Written by Clare Ferguson with Jack Meredith
Adopting a child is a major step for anyone, involving many checks and official procedures. Under the present system, however, there is no guaranteed EU-wide recognition of domestic adoptions in other Member States (the Hague Convention only recognises adoptions where the child lived in a different state). This can often cause legal uncertainty and significant and costly issues for adoptive families who move from one country to another, interfering with freedom of movement rights as well as the rights of the child. As adoption is a national competence, Parliament’s Legal Affairs Committee proposes that cross-border recognition of adoptions would be the most effective way to improve child protection, reinforce EU citizenship rights, and reduce the social and administrative burden on families. On Tuesday, Members will debate the Committee’s report with recommendations to the Commission to make a legislative proposal, with a vote to follow on Wednesday.
Sticking with the youth theme – although the Erasmus programme is no spring chicken, having celebrated its 30th anniversary at the European Parliament last week – Members will discuss an own-initiative report by Parliament’s Culture and Education Committee on implementing the Erasmus+ programme on Wednesday evening. Wide consultation has highlighted that, although balanced in its objectives, the revised programme needs some fine-tuning, with a certain lack of funding and low success rates for applicants dampening students’ enthusiasm. The report notes that Erasmus+ has great potential to support quality improvements in vocational education and training, by attracting under-represented groups. It supports cross-border volunteering, and calls for an end to financial barriers to access, especially as studies show that participants enjoy better career prospects.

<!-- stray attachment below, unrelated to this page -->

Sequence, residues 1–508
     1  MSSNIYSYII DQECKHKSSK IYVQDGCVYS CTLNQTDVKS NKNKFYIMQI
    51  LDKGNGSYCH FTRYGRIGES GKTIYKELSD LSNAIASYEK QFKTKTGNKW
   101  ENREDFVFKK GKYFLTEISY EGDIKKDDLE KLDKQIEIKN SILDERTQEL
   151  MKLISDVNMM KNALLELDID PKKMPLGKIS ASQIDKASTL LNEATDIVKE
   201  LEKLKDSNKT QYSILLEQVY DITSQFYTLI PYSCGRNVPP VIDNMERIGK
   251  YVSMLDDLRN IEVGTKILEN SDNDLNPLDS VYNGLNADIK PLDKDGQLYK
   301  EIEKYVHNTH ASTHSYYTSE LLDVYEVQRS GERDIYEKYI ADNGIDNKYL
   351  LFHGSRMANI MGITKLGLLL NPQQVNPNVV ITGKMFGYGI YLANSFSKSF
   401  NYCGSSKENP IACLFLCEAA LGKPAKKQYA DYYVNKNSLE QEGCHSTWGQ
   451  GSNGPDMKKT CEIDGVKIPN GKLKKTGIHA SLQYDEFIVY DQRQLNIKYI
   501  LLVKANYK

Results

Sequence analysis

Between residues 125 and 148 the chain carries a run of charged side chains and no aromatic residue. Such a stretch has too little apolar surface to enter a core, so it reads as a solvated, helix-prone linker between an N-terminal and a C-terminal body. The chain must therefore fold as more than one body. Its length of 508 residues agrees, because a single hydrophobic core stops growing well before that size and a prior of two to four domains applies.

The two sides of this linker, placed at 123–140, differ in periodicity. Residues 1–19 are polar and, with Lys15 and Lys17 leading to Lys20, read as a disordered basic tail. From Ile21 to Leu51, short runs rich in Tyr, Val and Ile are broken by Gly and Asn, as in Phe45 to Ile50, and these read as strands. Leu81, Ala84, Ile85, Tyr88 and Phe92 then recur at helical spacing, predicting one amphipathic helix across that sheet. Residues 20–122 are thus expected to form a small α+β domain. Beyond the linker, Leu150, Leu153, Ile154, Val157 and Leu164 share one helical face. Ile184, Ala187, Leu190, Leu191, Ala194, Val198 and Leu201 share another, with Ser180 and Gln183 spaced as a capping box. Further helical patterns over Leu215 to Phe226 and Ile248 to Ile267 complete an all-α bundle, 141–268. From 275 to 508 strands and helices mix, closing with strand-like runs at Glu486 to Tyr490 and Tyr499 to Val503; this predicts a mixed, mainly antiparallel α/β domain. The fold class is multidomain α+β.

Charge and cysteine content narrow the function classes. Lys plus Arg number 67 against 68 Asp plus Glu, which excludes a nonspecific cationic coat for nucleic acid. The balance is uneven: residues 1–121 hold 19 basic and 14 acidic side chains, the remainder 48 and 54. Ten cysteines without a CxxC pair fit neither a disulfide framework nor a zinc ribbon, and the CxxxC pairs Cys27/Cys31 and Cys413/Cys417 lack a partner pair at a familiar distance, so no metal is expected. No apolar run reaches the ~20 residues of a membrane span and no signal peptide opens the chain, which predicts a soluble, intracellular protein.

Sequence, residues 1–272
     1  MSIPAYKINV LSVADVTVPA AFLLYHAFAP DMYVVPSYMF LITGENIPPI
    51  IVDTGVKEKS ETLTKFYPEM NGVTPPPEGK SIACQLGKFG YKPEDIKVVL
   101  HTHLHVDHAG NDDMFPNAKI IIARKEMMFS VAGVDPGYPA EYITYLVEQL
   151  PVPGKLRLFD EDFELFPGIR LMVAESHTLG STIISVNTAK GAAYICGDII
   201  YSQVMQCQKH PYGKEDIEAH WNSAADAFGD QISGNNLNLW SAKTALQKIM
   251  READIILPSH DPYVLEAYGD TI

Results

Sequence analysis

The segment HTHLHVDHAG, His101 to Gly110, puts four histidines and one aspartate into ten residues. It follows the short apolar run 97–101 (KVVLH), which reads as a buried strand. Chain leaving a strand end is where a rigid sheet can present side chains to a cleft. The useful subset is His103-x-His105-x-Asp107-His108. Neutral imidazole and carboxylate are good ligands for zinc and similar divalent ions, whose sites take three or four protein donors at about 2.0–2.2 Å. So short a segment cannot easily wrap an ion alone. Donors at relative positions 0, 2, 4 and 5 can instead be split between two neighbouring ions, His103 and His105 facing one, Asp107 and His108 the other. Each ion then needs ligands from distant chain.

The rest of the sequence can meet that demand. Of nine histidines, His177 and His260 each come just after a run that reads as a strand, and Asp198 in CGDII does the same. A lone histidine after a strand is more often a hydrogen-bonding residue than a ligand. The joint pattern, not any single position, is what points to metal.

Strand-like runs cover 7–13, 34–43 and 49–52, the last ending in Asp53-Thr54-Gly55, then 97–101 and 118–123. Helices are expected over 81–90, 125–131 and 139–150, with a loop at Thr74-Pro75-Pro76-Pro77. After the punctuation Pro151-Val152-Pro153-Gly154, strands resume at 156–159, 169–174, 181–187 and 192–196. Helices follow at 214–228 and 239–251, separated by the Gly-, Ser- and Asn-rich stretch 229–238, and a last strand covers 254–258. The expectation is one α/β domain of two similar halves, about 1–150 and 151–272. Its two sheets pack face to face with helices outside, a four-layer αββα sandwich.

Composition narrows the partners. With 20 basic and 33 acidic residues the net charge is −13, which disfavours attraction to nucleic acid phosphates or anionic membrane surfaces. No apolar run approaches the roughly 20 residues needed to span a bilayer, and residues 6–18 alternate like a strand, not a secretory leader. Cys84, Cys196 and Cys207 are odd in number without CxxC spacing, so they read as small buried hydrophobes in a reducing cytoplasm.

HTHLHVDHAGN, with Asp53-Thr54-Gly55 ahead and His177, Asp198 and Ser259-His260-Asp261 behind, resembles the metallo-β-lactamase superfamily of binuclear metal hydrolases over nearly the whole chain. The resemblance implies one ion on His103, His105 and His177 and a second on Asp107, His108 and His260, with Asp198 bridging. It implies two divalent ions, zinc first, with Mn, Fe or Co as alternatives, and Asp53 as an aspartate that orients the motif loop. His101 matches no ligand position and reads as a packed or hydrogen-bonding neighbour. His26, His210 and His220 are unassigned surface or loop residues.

In addition to the student exchange programme, Erasmus+ supports initiatives in education, training and sport with a €14.7 billion budget. The EU was tasked with supporting the Member States on sports policy under the Lisbon Treaty, and the Culture and Education Committee’s own-initiative report on the implementation of EU sports policy and recommended routes forward will be presented to plenary on Wednesday evening, ahead of upcoming discussions on a new EU work plan for sport. The report focuses on sports integrity and good governance, as well as access to sport and its role in social inclusion. Measures to combat match-fixing, doping and third-party ownership of players all come under scrutiny, while the importance of ensuring access to sport and physical activity as a path to good health are underlined as crucial to an effective work plan.
A practice carried out for sociocultural or religious reasons on young children – girls aged from infancy to 15 years – female genital mutilation (FGM) has no health benefits, but serious health consequences for victims. Recognised as a form of child abuse and gender-based violence, FGM is a violation of the human rights of women and girls. In advance of the United Nations International Day of Zero Tolerance for Female Genital Mutilation on 6 February, the European Commission will make a statement to Parliament on Wednesday afternoon on EU efforts to combat FGM. The European Parliament estimates that at least 500 000 FGM victims currently live in the EU, with a further 180 000 at risk. These numbers swell as victims – women and girls suffering from or in fear of FGM – claim asylum in the EU, and Parliament is likely to ask that the EU do more to protect them.
Also on the agenda on Wednesday, is management of the EU external fishing fleet. The EU’s common fisheries policy seeks to protect fish stocks and the fisheries market by encouraging all fishing vessels to adhere to the same principles and standards – both non-EU vessels that have permission to fish within EU waters, and EU vessels that fish outside Union waters. Parliament’s Fisheries Committee has examined European Commission proposals to improve the management of the EU’s external fleet. The Committee concludes that the proposals would ensure the EU fulfils its responsibilities as a flag state and contribute to creating a level playing field for EU fishing activities through authorisation and traceability measures. Members will vote on the Commission’s proposal for a revised system of issuing and managing fishing authorisations on Wednesday afternoon.